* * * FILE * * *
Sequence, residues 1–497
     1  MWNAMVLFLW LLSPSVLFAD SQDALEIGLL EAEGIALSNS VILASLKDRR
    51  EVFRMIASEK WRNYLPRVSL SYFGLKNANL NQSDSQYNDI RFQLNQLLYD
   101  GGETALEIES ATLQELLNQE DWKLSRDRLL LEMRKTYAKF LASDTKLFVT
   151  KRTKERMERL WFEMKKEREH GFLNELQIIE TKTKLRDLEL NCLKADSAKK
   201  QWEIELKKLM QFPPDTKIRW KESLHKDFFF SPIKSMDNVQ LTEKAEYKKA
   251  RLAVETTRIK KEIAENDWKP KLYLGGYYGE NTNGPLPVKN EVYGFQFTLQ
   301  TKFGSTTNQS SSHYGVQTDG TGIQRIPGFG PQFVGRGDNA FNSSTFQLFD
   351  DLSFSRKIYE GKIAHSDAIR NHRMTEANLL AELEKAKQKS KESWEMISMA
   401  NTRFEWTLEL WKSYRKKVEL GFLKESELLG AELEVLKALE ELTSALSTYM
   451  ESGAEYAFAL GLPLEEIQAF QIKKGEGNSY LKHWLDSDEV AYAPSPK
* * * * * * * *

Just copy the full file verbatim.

Sequence, residues 1–497
     1  MWNAMVLFLW LLSPSVLFAD SQDALEIGLL EAEGIALSNS VILASLKDRR
    51  EVFRMIASEK WRNYLPRVSL SYFGLKNANL NQSDSQYNDI RFQLNQLLYD
   101  GGETALEIES ATLQELLNQE DWKLSRDRLL LEMRKTYAKF LASDTKLFVT
   151  KRTKERMERL WFEMKKEREH GFLNELQIIE TKTKLRDLEL NCLKADSAKK
   201  QWEIELKKLM QFPPDTKIRW KESLHKDFFF SPIKSMDNVQ LTEKAEYKKA
   251  RLAVETTRIK KEIAENDWKP KLYLGGYYGE NTNGPLPVKN EVYGFQFTLQ
   301  TKFGSTTNQS SSHYGVQTDG TGIQRIPGFG PQFVGRGDNA FNSSTFQLFD
   351  DLSFSRKIYE GKIAHSDAIR NHRMTEANLL AELEKAKQKS KESWEMISMA
   401  NTRFEWTLEL WKSYRKKVEL GFLKESELLG AELEVLKALE ELTSALSTYM
   451  ESGAEYAFAL GLPLEEIQAF QIKKGEGNSY LKHWLDSDEV AYAPSPK